Parakeet 'Bullies' Lose Their Protection

In bid to prevent health and safety problems, damage to crops and disruption to native wildlife

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The parakeet bullies smaller birds and damages trees according to Natural England


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To most locals they are thing of exotic beauty however environment watchdog, Natural England, has announced that from 1st January 2010 parakeets will lose their protected status.

New rules governing ‘General Licences’ mean that the parakeets can be lawfully killed, have their nests disturbed and eggs destroyed provided it is done in a “quick and humane manner” in a bid to prevent public health and safety problems, serious damage to crops or disruption to native wildlife including other bird species such as the woodpecker.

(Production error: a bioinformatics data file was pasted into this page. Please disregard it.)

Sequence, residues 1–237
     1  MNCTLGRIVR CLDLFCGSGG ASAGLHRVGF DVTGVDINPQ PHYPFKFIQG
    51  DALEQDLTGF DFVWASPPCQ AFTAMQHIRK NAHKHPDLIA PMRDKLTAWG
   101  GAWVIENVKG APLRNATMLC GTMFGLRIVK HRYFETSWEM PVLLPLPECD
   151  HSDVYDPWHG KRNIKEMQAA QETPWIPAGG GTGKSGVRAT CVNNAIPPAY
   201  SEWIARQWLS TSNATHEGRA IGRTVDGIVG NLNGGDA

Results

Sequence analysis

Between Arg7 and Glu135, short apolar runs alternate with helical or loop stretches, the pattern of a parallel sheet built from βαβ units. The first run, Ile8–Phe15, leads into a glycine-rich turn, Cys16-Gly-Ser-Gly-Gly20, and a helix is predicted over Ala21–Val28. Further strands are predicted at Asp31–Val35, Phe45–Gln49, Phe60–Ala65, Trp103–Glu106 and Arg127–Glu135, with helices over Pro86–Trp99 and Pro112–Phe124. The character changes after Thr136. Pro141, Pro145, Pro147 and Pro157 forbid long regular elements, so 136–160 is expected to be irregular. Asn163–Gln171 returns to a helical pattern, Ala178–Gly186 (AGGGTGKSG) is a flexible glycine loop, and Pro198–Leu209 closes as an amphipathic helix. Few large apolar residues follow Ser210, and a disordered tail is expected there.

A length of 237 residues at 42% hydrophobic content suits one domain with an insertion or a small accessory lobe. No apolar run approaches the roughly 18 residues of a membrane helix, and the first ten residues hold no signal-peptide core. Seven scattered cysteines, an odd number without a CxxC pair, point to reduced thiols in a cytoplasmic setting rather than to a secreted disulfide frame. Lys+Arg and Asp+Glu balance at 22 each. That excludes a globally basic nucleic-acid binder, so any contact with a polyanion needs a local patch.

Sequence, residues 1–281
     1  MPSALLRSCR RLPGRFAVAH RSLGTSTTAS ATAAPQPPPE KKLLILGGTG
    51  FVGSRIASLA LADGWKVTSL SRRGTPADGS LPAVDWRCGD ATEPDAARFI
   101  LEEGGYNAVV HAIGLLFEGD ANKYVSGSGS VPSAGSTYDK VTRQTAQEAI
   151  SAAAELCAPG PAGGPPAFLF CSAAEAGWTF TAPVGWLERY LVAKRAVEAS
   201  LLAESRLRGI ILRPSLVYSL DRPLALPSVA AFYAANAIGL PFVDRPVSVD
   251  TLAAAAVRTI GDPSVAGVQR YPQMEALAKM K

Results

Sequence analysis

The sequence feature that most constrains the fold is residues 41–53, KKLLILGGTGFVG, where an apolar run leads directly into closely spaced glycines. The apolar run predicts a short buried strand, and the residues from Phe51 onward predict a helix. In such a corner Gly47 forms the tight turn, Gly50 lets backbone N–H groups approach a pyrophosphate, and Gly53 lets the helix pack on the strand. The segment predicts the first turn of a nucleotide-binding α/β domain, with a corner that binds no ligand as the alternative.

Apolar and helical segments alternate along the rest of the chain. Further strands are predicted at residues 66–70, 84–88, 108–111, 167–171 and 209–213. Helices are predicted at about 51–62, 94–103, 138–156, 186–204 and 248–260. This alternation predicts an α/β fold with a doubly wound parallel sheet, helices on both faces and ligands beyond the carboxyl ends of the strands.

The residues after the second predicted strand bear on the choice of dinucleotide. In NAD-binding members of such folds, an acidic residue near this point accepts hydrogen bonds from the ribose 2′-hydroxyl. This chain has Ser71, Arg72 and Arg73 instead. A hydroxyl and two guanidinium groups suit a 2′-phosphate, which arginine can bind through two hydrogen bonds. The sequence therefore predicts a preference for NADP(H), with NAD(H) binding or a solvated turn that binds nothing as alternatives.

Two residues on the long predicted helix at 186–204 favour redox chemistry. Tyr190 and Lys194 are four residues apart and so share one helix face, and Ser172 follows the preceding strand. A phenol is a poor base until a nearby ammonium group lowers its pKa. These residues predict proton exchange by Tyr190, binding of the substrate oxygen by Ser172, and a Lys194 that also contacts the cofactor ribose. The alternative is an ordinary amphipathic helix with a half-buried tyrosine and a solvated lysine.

Reviews of General Licences are carried out periodically to ensure that the licence framework remains up to date and is able to target the increasing impact of non-native species such as the parakeets.

Among the changes announced this week, Natural England confirmed that several non-native bird species that breed in the wild - including monk parakeets, ring-necked parakeets, Canada geese and Egyptian geese - will be added to licences so their numbers can be controlled.

There are thought to be around 40,000 parakeets in London making them the capital's 15th most common bird although quite how they got here in the first place remains a mystery.

According to one newspaper article on the subject, theories range from a pair escaping from a container at Heathrow, to the possibility that a number escaped from Shepperton studios during the making of the 1951 film The African Queen, which used a variety of exotic birds to recreate the jungle.

October 2, 2009